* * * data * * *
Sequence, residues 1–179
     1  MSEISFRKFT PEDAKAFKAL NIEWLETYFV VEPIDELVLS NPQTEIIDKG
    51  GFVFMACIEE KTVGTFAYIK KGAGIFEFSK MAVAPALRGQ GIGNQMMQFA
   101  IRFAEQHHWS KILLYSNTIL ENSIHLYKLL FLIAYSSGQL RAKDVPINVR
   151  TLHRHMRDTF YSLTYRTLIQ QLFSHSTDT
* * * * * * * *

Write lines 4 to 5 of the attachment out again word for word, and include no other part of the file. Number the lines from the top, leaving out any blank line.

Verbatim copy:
   101  IRFAEQHHWS KILLYSNTIL ENSIHLYKLL FLIAYSSGQL RAKDVPINVR
   151  TLHRHMRDTF YSLTYRTLIQ QLFSHSTDT